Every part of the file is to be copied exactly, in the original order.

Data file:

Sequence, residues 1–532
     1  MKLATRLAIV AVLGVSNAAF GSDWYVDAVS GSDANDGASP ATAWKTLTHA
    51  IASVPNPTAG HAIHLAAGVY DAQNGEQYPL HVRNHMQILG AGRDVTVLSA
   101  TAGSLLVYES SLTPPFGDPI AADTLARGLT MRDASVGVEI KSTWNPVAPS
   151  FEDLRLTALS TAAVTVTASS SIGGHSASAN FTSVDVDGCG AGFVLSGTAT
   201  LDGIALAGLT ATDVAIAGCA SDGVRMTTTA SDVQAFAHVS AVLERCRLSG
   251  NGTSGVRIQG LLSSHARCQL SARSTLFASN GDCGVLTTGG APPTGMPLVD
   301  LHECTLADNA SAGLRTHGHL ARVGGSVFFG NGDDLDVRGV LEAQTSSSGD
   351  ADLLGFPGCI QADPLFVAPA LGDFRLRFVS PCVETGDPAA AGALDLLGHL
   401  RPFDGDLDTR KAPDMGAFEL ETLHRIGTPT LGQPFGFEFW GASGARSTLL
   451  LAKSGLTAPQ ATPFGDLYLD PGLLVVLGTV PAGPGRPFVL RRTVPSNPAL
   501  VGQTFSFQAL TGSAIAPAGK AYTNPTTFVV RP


Sequence, residues 1–532
     1  MKLATRLAIV AVLGVSNAAF GSDWYVDAVS GSDANDGASP ATAWKTLTHA
    51  IASVPNPTAG HAIHLAAGVY DAQNGEQYPL HVRNHMQILG AGRDVTVLSA
   101  TAGSLLVYES SLTPPFGDPI AADTLARGLT MRDASVGVEI KSTWNPVAPS
   151  FEDLRLTALS TAAVTVTASS SIGGHSASAN FTSVDVDGCG AGFVLSGTAT
   201  LDGIALAGLT ATDVAIAGCA SDGVRMTTTA SDVQAFAHVS AVLERCRLSG
   251  NGTSGVRIQG LLSSHARCQL SARSTLFASN GDCGVLTTGG APPTGMPLVD
   301  LHECTLADNA SAGLRTHGHL ARVGGSVFFG NGDDLDVRGV LEAQTSSSGD
   351  ADLLGFPGCI QADPLFVAPA LGDFRLRFVS PCVETGDPAA AGALDLLGHL
   401  RPFDGDLDTR KAPDMGAFEL ETLHRIGTPT LGQPFGFEFW GASGARSTLL
   451  LAKSGLTAPQ ATPFGDLYLD PGLLVVLGTV PAGPGRPFVL RRTVPSNPAL
   501  VGQTFSFQAL TGSAIAPAGK AYTNPTTFVV RP